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City of Issaquah Council Position No. 1

The City Council is the legislative body for the City. The Council adopts local laws (ordinances) to secure the safety and assist the well-being of the city residents, the city's physical environment and amenities, and the city economy. The Council is responsible for approving financial expenditures and adopting the city budget as well as establishing policies and regulations in order to guide the city's future. The elected mayor serves as chief administrative officer for the city.
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  • Christopher Reh (NP)

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    Bryan Weinstein (NP) Software Development Engineer

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Biographical Information

What are the issues surrounding your city/town's infrastucture?

How do you think your city/town could best respond to homelessness?

What is your commitment to senior citizens?

How do you think your city/town should approach legal and illegal immigration issues?

What are other major issues facing your city or town?

Of those listed above, which one is the most urgent?

What methods will you use to work with the mayor (if you have an elected mayor) or the city manager or administrator(if you have an chief administrator hired by the council)?

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Phone (425)829-2262
Email bryanweinstein.issaquah@gmail.com
YouTube Video https://www.bw4issaquah.com/see-bryan
Town where you live Issaquah
Experience (300 characters max) Microsoft employee, respected advocate for Issaquah residents since 2003, member of City Planning Policy Commission, appointed by Mayor and City Council to Traffic Bond Committee, Issaquah High volunteer teacher for five years, former CPA, husband and father.
Issaquah has grown dramatically in recent years; we have met our 2031 growth target, decades ahead of schedule. What has not kept pace is our basic infrastructure and facilities promised to residents. We have to do better. Why should park land acquisition, traffic and road improvements require bonds, when we have grown so much and allowed developers to build out our community? Our community discussions should be about where we will site our next schools, swimming pool, another community center, or a teen center, or building additional capacity with our roads, or preparing our underground utility systems for the future. Our challenge is, we are not having those discussions because our city has not managed growth, or the impact fees collected from new developments to benefit our community. As your city council member, I will insist that developer impact fees and future development pay it’s own way, and bring a public infrastructure benefit to Issaquah.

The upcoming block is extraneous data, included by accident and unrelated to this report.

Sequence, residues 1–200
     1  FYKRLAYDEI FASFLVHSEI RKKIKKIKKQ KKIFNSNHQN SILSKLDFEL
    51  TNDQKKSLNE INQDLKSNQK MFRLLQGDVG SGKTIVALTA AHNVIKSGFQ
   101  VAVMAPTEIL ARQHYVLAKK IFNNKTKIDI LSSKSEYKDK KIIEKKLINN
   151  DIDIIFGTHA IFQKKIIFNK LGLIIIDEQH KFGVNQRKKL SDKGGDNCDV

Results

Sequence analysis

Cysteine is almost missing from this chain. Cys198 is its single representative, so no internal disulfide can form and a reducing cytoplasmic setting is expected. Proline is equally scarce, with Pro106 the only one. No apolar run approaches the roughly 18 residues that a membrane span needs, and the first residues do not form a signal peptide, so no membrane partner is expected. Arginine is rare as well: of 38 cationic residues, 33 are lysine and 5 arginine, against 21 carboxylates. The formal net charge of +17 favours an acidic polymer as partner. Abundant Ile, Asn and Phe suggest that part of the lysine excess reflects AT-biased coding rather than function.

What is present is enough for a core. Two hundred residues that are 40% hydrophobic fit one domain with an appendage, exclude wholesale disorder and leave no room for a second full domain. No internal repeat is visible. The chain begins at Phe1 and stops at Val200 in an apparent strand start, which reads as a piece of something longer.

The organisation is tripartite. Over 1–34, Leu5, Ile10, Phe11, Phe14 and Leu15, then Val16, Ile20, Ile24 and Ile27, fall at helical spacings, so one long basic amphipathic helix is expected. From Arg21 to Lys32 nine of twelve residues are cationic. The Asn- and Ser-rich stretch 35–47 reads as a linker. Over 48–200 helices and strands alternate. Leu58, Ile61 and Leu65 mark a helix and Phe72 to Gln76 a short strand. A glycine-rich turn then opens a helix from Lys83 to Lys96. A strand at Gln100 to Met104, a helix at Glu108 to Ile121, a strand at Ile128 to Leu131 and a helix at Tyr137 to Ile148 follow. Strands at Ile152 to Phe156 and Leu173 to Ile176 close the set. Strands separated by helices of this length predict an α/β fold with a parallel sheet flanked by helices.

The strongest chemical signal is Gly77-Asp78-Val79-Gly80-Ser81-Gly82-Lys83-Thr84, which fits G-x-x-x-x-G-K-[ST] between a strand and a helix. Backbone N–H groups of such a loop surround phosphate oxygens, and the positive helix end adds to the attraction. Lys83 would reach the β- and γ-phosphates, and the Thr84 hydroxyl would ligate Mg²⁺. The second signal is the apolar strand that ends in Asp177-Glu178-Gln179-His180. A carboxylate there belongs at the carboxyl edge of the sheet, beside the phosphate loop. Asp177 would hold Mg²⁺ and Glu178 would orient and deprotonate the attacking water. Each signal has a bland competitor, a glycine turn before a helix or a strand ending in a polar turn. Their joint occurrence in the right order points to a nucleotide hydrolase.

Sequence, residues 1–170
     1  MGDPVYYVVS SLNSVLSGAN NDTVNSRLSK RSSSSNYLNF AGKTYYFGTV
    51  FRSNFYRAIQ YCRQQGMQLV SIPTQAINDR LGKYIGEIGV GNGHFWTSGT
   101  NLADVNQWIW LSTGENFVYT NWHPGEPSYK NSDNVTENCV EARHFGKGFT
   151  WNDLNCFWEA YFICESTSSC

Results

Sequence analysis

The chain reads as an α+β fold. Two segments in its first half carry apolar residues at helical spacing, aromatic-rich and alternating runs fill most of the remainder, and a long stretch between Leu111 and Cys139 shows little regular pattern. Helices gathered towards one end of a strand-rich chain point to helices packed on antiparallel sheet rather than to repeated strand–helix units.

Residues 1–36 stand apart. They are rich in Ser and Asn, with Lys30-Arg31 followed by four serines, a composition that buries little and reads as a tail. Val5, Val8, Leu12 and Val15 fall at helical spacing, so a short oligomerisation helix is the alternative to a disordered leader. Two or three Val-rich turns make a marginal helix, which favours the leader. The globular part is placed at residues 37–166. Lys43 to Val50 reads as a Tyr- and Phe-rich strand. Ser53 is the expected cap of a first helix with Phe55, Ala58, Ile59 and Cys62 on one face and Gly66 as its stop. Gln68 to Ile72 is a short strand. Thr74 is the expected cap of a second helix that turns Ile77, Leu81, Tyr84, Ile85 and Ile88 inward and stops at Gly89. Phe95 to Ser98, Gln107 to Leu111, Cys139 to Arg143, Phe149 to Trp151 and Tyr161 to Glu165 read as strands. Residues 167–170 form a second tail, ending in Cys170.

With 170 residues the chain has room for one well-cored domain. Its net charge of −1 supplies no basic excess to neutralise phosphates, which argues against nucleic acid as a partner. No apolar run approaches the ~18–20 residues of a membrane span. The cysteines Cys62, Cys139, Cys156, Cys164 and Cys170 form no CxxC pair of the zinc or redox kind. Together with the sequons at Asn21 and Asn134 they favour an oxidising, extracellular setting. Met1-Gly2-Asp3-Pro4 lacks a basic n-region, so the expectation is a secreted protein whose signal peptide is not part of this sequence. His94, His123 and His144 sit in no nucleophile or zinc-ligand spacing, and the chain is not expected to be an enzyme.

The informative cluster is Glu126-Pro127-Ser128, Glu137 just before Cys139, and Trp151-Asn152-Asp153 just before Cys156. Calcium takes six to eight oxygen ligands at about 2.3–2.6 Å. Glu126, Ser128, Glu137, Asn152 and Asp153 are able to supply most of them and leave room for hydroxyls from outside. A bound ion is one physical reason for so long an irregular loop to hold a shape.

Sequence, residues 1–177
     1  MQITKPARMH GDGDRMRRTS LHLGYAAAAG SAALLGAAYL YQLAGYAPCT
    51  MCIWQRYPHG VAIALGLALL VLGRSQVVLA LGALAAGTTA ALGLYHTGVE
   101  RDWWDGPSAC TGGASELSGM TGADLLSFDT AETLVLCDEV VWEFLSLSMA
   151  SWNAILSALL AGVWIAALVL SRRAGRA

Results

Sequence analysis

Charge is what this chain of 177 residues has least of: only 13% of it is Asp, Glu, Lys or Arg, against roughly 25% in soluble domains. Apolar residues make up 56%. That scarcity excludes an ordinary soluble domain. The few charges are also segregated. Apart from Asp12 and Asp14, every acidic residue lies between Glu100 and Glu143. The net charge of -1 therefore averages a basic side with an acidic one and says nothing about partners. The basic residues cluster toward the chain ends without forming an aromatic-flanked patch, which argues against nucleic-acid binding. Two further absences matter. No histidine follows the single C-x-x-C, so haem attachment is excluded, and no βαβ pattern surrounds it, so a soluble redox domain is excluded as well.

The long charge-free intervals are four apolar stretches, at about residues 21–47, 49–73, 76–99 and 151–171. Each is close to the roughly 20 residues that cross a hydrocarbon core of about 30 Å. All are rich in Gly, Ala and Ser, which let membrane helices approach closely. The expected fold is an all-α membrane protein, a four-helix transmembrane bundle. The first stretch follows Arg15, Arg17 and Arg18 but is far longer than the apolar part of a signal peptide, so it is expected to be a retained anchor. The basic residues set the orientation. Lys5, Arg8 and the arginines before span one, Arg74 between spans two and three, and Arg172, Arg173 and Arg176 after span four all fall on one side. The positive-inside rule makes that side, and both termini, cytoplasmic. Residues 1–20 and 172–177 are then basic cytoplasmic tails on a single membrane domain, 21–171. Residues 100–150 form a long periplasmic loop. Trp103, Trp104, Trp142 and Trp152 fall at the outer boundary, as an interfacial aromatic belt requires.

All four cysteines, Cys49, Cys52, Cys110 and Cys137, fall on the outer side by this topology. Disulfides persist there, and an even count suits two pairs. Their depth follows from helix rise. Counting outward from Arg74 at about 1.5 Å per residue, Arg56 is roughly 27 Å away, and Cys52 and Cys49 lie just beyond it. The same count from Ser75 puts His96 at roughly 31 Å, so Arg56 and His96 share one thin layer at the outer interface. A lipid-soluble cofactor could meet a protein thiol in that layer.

One component of homelessness in the Eastside is the lack of affordable housing stock. Instead of encouraging the preservation of older homes that are suitable for people as a step out of homelessness, the City has allowed those older homes to be leveled and replaced with new, more expensive housing units. I would like to change that. The City is doing a good job in allowing Accessory Dwelling Units, also a way to provide a first step out of homelessness, and I think we can do more to encourage homeowners to build these units. I will also encourage our city Administration to find new ways of bridging homelessness with programs that are regionally effective within our City and King County as well.